9th May 2018
Daily summary of the latest news and opinions from the world of independent education brought to you by Education Advisers...
Choir Schools' Association conference hears that independent sector is under political pressure and has 'few friends at the moment'
The risks to choir schools are as great today as they were 100 years ago, the chairman of the Choir Schools' Association (CSA) has said.
Speaking at the association's centenary conference, Paul Smith, headmaster of Hereford Cathedral School, highlighted the risks he believed were faced by schools that educate the UK's cathedral and collegiate choristers.
Mr Smith said: "I wish I could add that today proper forethought, planning and insight would never allow a repeat of such concerns amongst our membership, and that the values and principles upon which our schools are based are much better understood and appreciated by legislators and politicians.
"I wish I could say that, but I suspect that the risks to our CSA schools today are as great, if not greater, than they were in 1918."
He used his address at the conference in St Paul's Cathedral to say: "For those of us in the independent sector, there can be little doubt that we have few friends at the moment.
"Politicians, of all shades, seem hell-bent on issuing ill-informed edicts, based upon lazy stereotypes, which purportedly seek to ensure the independent sector does its bit to justify charitable status.
"The independent sector is an embarrassment to governments, because their schools have the audacity to invest and nurture in a broad holistic education, not a narrow results-driven curriculum, and in doing so independent schools highlight the ill effects of a continuous stream of reforms imposed upon the state sector."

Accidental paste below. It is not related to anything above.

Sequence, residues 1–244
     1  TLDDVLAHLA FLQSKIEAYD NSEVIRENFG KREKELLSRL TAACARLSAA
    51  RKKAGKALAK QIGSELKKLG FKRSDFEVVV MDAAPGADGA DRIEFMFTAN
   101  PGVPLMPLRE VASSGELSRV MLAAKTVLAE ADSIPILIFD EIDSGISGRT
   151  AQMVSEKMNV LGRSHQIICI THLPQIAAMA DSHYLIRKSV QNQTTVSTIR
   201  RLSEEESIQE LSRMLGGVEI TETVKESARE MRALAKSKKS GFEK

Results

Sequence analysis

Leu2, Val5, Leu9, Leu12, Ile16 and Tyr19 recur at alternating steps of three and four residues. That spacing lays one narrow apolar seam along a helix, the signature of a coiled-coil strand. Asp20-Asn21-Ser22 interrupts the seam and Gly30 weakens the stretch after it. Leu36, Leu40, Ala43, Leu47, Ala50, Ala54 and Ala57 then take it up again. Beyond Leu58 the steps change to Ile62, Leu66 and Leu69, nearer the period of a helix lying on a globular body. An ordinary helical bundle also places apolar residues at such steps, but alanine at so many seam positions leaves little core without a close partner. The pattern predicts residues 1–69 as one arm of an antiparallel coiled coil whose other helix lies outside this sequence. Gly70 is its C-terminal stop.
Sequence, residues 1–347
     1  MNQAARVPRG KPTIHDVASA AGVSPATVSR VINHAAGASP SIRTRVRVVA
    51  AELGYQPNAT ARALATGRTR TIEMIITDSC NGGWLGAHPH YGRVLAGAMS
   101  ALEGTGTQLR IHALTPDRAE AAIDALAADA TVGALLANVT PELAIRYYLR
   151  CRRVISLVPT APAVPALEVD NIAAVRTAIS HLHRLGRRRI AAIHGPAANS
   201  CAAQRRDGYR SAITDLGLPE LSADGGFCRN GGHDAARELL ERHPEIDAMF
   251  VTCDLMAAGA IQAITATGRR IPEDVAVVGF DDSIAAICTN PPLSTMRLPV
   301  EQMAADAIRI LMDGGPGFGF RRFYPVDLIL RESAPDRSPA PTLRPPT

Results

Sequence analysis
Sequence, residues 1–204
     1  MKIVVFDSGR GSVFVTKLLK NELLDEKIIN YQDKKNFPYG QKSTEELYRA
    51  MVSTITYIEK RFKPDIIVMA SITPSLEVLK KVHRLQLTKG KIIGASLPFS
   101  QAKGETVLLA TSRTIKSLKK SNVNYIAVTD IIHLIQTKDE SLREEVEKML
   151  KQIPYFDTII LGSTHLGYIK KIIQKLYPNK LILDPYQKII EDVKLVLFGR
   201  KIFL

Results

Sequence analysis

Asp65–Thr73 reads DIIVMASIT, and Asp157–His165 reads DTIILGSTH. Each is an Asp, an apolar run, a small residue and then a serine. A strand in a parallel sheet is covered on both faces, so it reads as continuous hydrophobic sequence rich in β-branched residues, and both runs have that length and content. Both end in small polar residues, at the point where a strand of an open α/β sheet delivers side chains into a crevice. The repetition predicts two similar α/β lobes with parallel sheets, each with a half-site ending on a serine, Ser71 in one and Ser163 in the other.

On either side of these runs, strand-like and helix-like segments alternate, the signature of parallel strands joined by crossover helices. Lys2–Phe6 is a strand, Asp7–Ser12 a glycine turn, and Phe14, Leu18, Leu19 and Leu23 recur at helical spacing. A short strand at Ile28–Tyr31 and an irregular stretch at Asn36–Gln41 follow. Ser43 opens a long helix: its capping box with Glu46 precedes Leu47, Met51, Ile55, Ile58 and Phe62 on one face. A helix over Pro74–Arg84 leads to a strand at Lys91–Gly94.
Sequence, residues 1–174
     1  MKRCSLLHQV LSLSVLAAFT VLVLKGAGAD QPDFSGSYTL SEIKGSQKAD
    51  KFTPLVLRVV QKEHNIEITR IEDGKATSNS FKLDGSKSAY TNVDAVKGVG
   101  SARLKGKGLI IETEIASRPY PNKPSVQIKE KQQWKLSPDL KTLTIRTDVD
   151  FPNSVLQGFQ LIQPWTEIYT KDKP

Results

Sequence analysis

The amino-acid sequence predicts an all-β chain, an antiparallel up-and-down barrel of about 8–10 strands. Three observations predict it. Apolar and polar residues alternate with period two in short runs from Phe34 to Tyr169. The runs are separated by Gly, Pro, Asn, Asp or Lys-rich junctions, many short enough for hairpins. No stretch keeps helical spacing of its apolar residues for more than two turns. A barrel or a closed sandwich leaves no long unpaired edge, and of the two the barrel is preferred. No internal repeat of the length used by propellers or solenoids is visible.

Pupils thrive when exams take a hike
Gordonstoun, the Scottish independent school that Prince Charles attended, is renowned for the mental and physical demands it places upon pupils. But do such arduous outdoor challenges achieve results?
Yes, according to research that tracked more than 1,000 former pupils. The findings of the study, the first of its kind, are being shared with the state sector in the hope that it learns lessons from the £34,500-a -year institution.
University of Edinburgh researchers who were invited to test the school’s educational approach said they found the non-academic experiences had an “overwhelmingly positive influence on students’ personal growth and development”.
Ninety four per cent of former pupils said that such experiences had helped them to grow personally, 74 per cent felt they had helped their careers and 57 per cent believed they had enhanced their academic studies.
Lisa Kerr, Gordonstoun’s principal, said education chiefs should “sit up and take notice”. She added: “This research is a call to action . . . We now have a piece of really important academic research that demonstrates, definitively, the lifelong value of out-of-classroom learning experience. There are all sorts of ways young people can be challenged out of the classroom, given positions of responsibility and learn to be of service to each other. That doesn’t need to be expensive and can enhance their academic achievement.”
As well as the outdoor experiences, pupils at Gordonstoun are elected to formal roles by peers and staff, with some given power to hand out punishments. The school places a strong emphasis on sport and performing arts. Pupils must join a “service”, such as a volunteer fire service or coastguard, which respond to real emergencies.
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